Thursday, December 11, 2008

Historical Memoirs

Samuel Hopkins was one of the Commissioners of Indian Affairs acting on behalf of the New England Company (see my post of 11/19/2008) and in that capacity, he was one of the ministers who approached Konkapot and Umpachenee about the possibility of starting a mission on the Housatonic River. The Commissioners hired John Sergeant to be the first missionary and he served from 1734 until his death in 1749.

In 1753, Samuel Hopkins' book, Historical Memoirs was printed (an abridged version came out in 1972). It actually has a title that is probably longer than this post so far, and it is about the early days of the mission. Hopkins had access to something we don't have - John Sergeant Sr.'s journal. That alone makes his book important.

Sergeant was 39 when he died and he was a minister just as Hopkins was a minister.... do you know what I'm getting at? It was only natural for Hopkins to edify or aggrandize Sergeant. (Maybe this was more because of racial/cultural issues than about Sergeant's early death.) Laura M. Smith in her book The Poor Indians (page 153), says that Sergeant "seems to disappear before the reader's eyes as Hopkins relates the story of [Sergeant's] life."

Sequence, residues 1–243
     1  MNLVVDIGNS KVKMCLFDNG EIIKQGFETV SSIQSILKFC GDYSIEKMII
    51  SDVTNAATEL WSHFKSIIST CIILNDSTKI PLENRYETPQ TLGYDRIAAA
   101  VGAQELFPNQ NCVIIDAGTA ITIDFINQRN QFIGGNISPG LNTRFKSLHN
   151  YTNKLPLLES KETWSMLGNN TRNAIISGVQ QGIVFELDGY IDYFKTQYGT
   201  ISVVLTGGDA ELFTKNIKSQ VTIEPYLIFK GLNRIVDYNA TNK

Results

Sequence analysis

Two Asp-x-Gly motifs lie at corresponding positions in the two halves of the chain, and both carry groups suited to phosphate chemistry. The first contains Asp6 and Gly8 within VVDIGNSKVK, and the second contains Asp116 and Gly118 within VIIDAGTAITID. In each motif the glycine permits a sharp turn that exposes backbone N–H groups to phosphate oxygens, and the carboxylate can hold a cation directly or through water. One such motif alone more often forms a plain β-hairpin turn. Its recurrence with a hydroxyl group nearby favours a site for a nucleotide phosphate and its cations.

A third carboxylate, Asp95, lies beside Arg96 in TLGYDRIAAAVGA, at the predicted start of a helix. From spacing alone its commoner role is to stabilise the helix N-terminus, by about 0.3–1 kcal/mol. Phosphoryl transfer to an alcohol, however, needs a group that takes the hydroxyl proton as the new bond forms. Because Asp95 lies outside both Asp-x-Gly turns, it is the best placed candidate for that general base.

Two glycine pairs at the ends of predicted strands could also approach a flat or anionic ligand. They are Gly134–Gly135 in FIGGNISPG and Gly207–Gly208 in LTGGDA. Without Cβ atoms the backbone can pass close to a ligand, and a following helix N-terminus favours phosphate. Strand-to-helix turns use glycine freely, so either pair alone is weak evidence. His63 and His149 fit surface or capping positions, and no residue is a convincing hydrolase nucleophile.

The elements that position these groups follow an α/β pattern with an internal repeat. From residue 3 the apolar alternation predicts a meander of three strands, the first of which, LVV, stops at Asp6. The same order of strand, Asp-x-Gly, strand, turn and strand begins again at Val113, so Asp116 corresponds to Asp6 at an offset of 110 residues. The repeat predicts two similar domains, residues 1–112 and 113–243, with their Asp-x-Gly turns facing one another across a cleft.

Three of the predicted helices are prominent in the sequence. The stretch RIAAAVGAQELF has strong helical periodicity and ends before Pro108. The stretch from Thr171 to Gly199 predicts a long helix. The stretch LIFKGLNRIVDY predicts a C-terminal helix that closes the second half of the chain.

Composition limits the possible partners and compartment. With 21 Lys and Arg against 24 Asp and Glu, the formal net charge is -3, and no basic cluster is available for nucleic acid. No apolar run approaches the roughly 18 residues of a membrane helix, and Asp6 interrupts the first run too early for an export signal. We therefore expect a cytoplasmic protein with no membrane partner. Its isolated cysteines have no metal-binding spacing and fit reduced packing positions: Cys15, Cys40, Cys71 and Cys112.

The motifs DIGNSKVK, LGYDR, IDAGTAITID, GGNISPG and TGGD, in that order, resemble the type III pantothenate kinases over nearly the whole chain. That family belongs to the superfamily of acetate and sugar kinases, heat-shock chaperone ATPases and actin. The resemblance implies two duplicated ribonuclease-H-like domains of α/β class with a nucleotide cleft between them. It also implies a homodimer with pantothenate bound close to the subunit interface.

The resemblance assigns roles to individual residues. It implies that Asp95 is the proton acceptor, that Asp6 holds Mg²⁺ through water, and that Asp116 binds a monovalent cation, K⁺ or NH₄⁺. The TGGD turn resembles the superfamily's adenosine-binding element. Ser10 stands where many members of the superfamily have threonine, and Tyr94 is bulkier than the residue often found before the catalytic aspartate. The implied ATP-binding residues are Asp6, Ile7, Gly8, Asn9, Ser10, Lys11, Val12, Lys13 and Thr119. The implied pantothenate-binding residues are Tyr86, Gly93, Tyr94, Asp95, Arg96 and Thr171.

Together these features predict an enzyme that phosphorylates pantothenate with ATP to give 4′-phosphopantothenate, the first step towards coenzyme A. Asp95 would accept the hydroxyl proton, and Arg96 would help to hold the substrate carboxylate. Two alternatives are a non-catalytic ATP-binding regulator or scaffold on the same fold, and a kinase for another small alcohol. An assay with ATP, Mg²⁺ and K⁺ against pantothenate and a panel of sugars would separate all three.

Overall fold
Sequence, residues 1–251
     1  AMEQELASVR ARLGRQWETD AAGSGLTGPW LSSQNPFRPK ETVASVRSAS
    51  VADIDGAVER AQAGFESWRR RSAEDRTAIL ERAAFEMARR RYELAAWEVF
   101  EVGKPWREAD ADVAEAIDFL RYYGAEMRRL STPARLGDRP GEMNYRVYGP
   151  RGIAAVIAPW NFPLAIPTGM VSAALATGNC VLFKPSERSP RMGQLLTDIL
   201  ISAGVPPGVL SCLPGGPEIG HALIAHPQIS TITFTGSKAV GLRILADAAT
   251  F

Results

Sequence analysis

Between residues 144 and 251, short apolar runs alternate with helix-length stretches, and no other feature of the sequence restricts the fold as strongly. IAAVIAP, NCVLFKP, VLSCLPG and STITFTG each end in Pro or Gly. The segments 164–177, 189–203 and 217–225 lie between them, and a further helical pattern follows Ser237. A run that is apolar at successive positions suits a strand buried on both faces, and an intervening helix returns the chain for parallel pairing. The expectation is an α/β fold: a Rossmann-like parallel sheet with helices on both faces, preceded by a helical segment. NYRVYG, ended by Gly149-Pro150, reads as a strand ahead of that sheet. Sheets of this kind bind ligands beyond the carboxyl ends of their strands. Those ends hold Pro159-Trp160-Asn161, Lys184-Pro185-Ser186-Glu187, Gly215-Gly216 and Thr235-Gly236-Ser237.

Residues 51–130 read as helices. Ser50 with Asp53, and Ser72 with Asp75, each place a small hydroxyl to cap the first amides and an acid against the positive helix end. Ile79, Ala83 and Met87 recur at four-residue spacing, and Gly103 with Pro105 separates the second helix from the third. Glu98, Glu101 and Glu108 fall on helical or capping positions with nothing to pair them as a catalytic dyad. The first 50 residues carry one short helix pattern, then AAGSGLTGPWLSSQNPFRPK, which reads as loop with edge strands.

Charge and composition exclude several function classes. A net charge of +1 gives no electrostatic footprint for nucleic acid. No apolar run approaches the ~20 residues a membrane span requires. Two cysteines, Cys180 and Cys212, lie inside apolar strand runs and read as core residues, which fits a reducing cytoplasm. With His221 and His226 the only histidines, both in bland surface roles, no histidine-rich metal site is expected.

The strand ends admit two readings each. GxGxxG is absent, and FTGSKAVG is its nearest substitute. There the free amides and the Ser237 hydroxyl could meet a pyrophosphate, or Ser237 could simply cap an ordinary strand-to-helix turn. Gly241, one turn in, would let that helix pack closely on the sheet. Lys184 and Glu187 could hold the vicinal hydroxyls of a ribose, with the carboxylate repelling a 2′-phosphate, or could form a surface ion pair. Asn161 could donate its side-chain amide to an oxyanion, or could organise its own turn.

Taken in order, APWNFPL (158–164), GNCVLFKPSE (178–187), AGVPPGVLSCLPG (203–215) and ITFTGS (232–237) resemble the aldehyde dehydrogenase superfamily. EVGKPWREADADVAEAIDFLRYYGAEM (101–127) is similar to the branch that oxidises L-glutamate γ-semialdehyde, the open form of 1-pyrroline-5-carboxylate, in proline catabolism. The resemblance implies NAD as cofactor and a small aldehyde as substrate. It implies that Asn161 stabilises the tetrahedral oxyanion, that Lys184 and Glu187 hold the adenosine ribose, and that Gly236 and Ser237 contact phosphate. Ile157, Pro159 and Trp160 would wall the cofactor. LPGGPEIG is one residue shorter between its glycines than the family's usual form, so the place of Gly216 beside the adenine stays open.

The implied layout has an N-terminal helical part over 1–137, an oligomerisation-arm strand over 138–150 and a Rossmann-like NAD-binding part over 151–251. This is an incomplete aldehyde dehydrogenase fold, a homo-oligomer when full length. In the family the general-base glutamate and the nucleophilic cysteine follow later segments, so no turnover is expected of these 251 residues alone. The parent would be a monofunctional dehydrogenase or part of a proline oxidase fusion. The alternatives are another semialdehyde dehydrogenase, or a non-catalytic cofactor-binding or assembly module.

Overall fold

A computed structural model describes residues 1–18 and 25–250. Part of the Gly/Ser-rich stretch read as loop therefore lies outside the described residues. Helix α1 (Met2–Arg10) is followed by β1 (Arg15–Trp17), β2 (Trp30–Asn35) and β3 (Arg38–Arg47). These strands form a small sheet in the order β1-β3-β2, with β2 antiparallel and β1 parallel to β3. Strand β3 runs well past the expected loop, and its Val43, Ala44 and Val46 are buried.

So was John Sergeant Sr. a saintly hero as Hopkins portrays him, or an evil agent of anti-diversity as some modern idealogues may tend to portray him? Do we know enough about him so that he is more than just a Rorshach test of our own sentiments? Maybe we do. It is clear that Christianity got off to a strong start in John Sergeant's mission work with the Mohicans and other Algonkians and we know that his converts were fond of him. I'm inclined to think that if it was not for the success of John Sergeant Sr.'s ministry, the Stockbridge Mohicans would not be here today.

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